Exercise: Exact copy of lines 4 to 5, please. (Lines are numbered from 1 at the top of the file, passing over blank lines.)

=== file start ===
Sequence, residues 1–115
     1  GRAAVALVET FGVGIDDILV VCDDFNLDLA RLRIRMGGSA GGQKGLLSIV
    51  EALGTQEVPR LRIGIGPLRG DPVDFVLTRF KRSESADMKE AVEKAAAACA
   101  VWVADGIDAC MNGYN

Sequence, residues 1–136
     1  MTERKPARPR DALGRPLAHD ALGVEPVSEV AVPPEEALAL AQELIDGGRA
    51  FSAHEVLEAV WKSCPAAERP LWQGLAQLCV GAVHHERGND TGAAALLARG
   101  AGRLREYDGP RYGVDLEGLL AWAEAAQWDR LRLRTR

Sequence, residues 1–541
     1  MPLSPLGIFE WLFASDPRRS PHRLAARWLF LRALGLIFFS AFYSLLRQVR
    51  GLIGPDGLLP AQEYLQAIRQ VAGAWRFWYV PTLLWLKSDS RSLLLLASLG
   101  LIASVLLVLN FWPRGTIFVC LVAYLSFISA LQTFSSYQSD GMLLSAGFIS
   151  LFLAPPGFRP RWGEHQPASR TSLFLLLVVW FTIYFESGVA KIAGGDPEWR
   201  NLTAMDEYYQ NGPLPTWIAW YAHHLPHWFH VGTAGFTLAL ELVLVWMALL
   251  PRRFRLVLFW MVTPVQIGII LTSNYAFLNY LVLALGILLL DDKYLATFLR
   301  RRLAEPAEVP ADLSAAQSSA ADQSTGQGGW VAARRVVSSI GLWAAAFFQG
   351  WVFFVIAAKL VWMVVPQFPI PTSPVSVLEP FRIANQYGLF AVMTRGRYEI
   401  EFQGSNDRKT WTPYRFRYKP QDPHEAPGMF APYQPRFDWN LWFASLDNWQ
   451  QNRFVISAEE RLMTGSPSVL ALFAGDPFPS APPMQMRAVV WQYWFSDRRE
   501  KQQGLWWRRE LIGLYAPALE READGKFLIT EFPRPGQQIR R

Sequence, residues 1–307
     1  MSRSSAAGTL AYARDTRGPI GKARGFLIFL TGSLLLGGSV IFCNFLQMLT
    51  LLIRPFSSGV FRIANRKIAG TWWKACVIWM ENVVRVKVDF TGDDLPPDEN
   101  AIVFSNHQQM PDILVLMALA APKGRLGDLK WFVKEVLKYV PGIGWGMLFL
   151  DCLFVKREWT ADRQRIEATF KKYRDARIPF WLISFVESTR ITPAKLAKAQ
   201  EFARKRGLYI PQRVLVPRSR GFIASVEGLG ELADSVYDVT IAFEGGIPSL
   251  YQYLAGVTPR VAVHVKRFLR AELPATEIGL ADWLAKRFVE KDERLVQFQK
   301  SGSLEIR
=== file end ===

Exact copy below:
   101  VWVADGIDAC MNGYN

Sequence, residues 1–136